"I'm really sucked into the history of this thing," says Fairfield, Conn.,pilot Andrew Kosch, 63, who has boxes of Whitehead materials scattered abouthis home. "I really feel like the guy has been [neglected] and feel it's myduty to see that Whitehead gets some credit."
About 15 years ago, a friend rummaging through the attic of a house in EastLyme, Conn., told Kosch he came across the captain's leather-bound journalcontaining a picture of Whitehead in flight with a description of thespectacle.
Later, when he learned of the journal's value, the friend attempted toretrieve it, Kosch says, but the owners had moved to California. Koscheventually made contact with them, but they later told him they could not findthe journal, he says, and the search for it met a dead end.
"If there is such a journal, boy, oh boy, I'd love to have somebody do aninvestigation," says Kosch, who built and flew a replica of airplane No. 21 in1986 to prove the plane could fly. "A sea captain wouldn't lie in hisjournals."
In the meantime, Kosch is busy compiling a Gustave Whitehead exhibit forthe Bruce Museum of Arts and Science in Greenwich, Conn. It will open inNovember, a month before the centennial of the Wright brothers' first flight.A science teacher at Platt Regional Vocational-Technical School in Milford,Conn., Kosch also has his machine-shop students building a steam engine for asecond Whitehead replica he hopes to fly before the Kitty Hawk anniversary.
"I'm doing everything I can to get attention to him," he says. "I don'twant him just to be lost in history."
But Smithsonian officials and aviation historians believe the BridgeportSunday Herald article describing the flight to be an aeronautical hoax, astaple of American journalism begun in the 1840s when Edgar Allan Poe, indesperate need of money to hire a doctor for his ailing wife, concocted anamazing tale about a hot-air balloon journey across the Atlantic Ocean.
Historians point out that when research into the claims began more than sixdecades ago, Whitehead assistant James Dickie said he did not witness the 1901flight as the article claimed, and believed the Herald story to be imaginary.He went on to say that he did not know the second assistant named in thestory.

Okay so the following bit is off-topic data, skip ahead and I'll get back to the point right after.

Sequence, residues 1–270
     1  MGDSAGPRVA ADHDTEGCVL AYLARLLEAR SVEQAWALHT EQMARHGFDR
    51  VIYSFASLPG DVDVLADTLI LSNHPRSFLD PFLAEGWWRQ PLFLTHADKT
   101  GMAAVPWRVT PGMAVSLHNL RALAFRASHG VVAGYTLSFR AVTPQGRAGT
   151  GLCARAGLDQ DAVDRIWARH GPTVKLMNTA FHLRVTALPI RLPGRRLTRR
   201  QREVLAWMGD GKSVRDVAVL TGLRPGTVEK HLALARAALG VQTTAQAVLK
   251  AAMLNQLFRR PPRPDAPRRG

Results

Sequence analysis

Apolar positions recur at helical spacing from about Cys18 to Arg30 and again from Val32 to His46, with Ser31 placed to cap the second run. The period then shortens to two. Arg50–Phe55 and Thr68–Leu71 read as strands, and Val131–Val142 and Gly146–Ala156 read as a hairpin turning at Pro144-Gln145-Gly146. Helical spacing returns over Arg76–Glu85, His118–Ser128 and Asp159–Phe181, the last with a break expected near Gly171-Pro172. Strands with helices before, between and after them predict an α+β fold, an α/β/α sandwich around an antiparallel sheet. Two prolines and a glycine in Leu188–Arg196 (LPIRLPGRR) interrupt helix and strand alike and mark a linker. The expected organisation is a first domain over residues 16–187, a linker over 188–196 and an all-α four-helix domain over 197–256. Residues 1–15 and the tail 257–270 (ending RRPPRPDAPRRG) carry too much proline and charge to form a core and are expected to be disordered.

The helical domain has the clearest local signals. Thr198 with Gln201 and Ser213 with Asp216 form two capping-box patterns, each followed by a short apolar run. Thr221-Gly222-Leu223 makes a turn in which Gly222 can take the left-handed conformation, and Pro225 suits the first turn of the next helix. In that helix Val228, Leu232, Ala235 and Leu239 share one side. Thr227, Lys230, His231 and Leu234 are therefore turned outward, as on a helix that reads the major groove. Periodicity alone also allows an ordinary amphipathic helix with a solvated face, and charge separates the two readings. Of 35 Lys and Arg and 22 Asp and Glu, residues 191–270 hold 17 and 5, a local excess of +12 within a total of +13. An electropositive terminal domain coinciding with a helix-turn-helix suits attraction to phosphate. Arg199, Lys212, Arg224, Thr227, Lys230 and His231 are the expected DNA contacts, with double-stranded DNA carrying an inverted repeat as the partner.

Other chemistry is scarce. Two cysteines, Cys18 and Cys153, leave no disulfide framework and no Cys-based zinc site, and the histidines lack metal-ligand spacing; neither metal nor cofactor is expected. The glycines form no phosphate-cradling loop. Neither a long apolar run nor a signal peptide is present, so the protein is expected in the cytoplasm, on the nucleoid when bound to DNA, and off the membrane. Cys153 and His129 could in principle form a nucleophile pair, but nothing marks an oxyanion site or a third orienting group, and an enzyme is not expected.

Orville Wright himself was surprised that anyone took the article as fact,noting in a 1945 article that the Herald story appeared under a headingentitled "Flying," illustrated with four witches riding brooms.
Subsequent conflicting testimony and evidence, Whitehead's inability toduplicate his professed results, and the lack of photographs depicting No. 21in flight has left scholars skeptical. Smithsonian officials say the tale isalso riddled with glaring gaps in logic: Why did Whitehead give up aviationwhen he appeared to be the most successful "aeronaut" in the world?
Charging a "Smithsonian conspiracy," the Whitehead camp claims theSmithsonian has a vested interest in avoiding further scientific inquirybecause of a 1948 contract signed with the executors of Orville Wright'sestate that gave the institution possession of the 1903 Flyer.
Under the agreement, ownership of the plane could revert back to the Wrightestate should the Smithsonian ever acknowledge any aircraft or designpredating the Flyer as "capable of carrying a man under its own power incontrolled flight."
Whitehead supporters claim the contract has caused the Smithsonian to turna blind eye to any evidence that debunks the Wrights' first-flight status. Asa result, they say, the contract has effectively banished Whitehead and otheraeronautical pioneers to obscurity.
"All other aviation pioneers were systematically eliminated of a fairchance in having their work and achievements researched and investigated,although that would have been the duty of the Smithsonian," says Matt Lechner,who serves on a historical-flight research committee at a museum honoringWhitehead in Leutershausen, Germany.
The Smithsonian says the contract was drafted merely to reassure OrvilleWright, who had feuded with the institution after it had erroneouslyidentified Samuel P. Langley's 1903 Aerodrome A as the world's first airplane"capable of sustained free flight" in 1918.
"If it could be demonstrated that someone else flew before the Wrightbrothers, I certainly would have no problem putting that forward," says PeterJakab, chair of the National Air and Space Museum's aeronautics division.